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I just saw this YouTube video warning about the inaccuracy of cell-phones in relating their location to 9-11 dispatchers:

while it's true that modern cellphones can relay locations back to your 911 dispatcher, they are often too broad and can have emergency crew searching for minutes on end, wasting precious time"

Do cell-phones relay your position back to emergency services?

  • Is your question about the U.S. specifically? – Myridium Oct 24 '16 at 6:06
  • No, it's not. I added this but it was removed. – UTF-8 Oct 24 '16 at 9:08
  • @Oddthinking's edit says "The claim was about the USA. Answers have already provided links that should satisfy your curiosity about other countries." - The claim in the linked video is indeed about the U.S., but it's not up to others to decide what question it is you're asking. Furthermore, the answers here say nothing at all about what happens outside the U.S. – Myridium Oct 24 '16 at 9:13
  • I don't have the rep to rollback the edit, unfortunately. – Myridium Oct 24 '16 at 9:15
  • @Myridium: I explained that the claim was about the USA. ("911 dispatcher" is a US term!) Questions that are not about a notable claim are off-topic.You are correct - the other questions don't directly mention other countries. I was thinking of the reference to the Wikipedia article that I read based on the link in Mark's answer, which covers other regions. [Please take care not to rollback edits on a whim. Edit wars aren't helpful.] – Oddthinking Oct 24 '16 at 9:30
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This is Enhanced 911 (easier-to-understand Wikipedia article): cell-phone network operators are required to transmit the location of a cellphone with a given level of accuracy to a 911 call center. It does not specifically require the use of GPS, but the accuracy requirements are such that GPS is generally used.

Excerpting the WIkipedia page:

The U.S. Federal Communications Commission (FCC) has several requirements applicable to wireless or mobile telephones:

[...] 95% of a network operator's in-service phones must be E911 compliant ("location capable") by December 31, 2005. (Numerous carriers missed this deadline, and were fined by the FCC.)

Wireless network operators must provide the latitude and longitude of callers within 300 meters, within six minutes of a request by a PSAP. [...]

In 1996, the U.S. Federal Communications Commission (FCC) issued an order requiring wireless carriers to determine and transmit the location of callers who dial 9-1-1. The FCC set up a phased program: Phase I involved sending the location of the receiving antenna for 9-1-1 calls, while Phase II sends the location of the calling telephone. Carriers were allowed to choose to implement 'handset based' location by Global Positioning System (GPS) or similar technology in each phone, or 'network based' location by means of triangulation between cell towers. The order set technical and accuracy requirements: carriers using 'handset based' technology must report handset location within 50 meters for 67% of calls, and within 150 meters for 90% of calls; carriers using 'network based' technology must report location within 100 meters for 67% of calls and 300 meters for 90% of calls.

  • Your answer covers less than 10% (just a rough Google estimate) of the human population with cell phones. The U.S. is not the only place with "emergency services" you know. What about elsewhere? – Myridium Oct 24 '16 at 6:04
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    @Myridium, the question specifies 911 as the emergency number, and my answer covers at least 75% of the population who live in countries where 911 is the emergency number. – Mark Oct 24 '16 at 18:21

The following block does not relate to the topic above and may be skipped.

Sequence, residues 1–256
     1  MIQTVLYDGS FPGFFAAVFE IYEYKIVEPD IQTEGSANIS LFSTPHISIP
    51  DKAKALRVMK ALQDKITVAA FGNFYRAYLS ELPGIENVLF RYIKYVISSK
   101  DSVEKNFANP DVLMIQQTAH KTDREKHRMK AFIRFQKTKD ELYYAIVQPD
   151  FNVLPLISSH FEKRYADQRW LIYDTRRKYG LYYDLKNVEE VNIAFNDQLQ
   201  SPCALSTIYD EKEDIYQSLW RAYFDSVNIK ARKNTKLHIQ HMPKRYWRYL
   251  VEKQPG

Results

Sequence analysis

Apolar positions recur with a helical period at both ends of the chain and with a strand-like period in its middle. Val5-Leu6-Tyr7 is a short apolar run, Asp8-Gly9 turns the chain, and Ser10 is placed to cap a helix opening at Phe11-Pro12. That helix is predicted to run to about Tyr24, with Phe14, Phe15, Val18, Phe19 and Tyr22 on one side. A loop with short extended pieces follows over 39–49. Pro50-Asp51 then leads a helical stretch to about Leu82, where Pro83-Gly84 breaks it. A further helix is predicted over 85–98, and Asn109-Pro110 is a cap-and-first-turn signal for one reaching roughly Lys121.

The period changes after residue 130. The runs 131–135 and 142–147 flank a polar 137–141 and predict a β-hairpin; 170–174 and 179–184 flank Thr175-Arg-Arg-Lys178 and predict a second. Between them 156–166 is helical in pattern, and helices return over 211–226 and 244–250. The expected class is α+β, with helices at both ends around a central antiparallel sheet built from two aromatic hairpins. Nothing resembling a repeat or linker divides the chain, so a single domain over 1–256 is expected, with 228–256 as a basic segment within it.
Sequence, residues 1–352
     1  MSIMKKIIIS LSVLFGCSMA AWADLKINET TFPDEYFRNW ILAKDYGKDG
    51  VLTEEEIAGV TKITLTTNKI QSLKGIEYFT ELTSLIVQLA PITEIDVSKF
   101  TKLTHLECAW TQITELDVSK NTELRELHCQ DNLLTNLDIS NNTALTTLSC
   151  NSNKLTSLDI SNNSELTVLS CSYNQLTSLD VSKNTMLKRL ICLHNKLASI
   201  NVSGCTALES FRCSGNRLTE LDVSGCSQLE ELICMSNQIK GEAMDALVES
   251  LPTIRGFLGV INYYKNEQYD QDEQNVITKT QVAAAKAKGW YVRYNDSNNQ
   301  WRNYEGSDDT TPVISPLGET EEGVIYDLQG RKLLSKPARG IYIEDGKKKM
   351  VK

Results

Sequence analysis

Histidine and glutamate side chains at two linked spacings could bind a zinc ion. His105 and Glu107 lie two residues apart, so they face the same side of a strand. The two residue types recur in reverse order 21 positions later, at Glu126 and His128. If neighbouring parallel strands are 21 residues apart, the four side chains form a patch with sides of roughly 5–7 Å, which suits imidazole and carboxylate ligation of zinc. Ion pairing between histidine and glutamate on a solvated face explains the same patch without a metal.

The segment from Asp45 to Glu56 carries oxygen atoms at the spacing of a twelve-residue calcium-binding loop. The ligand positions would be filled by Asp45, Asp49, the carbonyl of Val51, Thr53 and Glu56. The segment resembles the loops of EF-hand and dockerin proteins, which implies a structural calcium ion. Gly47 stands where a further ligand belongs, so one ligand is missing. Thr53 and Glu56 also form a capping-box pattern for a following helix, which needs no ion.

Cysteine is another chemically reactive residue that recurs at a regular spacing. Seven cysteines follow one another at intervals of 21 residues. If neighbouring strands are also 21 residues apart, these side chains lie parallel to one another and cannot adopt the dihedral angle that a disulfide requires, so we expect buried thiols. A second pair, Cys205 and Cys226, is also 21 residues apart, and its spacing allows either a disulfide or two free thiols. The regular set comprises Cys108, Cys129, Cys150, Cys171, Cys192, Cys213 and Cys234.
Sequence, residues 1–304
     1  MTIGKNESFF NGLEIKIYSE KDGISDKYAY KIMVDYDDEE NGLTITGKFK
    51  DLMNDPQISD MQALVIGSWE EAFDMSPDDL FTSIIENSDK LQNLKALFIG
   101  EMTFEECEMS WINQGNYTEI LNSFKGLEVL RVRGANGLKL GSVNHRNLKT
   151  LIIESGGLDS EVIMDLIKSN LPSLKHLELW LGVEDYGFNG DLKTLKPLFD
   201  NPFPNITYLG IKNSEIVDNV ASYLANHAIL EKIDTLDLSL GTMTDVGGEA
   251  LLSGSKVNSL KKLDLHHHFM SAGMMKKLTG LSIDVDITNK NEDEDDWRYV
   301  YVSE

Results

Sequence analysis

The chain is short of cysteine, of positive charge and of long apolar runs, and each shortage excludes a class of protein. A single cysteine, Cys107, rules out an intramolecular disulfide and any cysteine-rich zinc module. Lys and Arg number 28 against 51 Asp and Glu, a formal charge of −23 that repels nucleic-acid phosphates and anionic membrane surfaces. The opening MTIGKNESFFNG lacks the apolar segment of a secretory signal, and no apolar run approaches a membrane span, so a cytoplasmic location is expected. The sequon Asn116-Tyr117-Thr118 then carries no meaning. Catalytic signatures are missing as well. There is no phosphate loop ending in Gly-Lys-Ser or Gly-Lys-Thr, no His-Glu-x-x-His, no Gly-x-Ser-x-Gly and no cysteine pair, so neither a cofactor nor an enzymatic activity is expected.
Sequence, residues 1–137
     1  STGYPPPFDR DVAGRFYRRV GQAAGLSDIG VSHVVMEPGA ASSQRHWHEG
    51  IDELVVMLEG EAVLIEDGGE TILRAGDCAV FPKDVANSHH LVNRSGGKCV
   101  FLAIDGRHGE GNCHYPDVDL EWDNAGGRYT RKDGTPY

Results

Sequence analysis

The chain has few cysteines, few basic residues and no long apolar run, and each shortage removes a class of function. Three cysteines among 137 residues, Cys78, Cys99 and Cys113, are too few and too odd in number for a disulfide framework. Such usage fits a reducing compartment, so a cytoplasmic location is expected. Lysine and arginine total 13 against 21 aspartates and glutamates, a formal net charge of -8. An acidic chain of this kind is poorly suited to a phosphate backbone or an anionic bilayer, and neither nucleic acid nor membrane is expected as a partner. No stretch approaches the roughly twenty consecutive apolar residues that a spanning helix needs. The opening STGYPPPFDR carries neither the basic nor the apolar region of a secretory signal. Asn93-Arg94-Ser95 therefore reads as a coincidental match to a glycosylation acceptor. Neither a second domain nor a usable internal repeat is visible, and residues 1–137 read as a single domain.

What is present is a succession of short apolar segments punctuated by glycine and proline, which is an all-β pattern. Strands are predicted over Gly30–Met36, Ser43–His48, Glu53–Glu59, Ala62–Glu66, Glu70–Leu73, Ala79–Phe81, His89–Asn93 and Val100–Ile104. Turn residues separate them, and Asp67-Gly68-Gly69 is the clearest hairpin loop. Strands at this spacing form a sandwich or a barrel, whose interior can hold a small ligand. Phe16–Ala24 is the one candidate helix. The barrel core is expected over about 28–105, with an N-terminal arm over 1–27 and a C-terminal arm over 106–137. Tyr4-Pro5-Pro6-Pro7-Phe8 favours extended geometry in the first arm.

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Aside from GPS it is possible to deduce the approximate location of a cellphone by triangulation from the cell towers it is in contact with, indeed even knowing the location of the tower that received the call gives you some idea of the location. This, in itself is not very precise but for example in the case of a road accident may be enough as there are obviously a limited number of roads in a given area especially if you can say if you are on a major or minor road and give any landmarks, even saying I passed a town 10 miles back heading north will help.

also smartphones may use all sorts of other information to guess their location, especially if they are searching for WiFi connection as other devices witch have shared their location can be an indicator.

The central argument of this answer is theoretical in nature. We do not allow answers based uniquely on common sense or pure logic. Answers which are wholly based on a theoretical model are generally downvoted and may be deleted. See FAQ: What are theoretical answers?

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    I know about triangulation. But the question is not about it. Is specifically is about the smartphone relaying its location to the emergency service. || Yes, smartphones have several ways of finding approximate locations. However, the question is not whether they have this information or can easily get it if asked to but whether they relay (and if necessary determine this information beforehand) it to the emergency service without the user telling the smartphone to do so (e.g. by copying the location an app got from the system's location service and sending a text message to the emer.service). – UTF-8 Oct 20 '16 at 22:23
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    While it's possible to triangulate a radio, you haven't shown any evidence that this does happen with cellphones, in relation to calling emergency services – Sklivvz Oct 21 '16 at 0:04

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protected by Sklivvz Oct 21 '16 at 0:03

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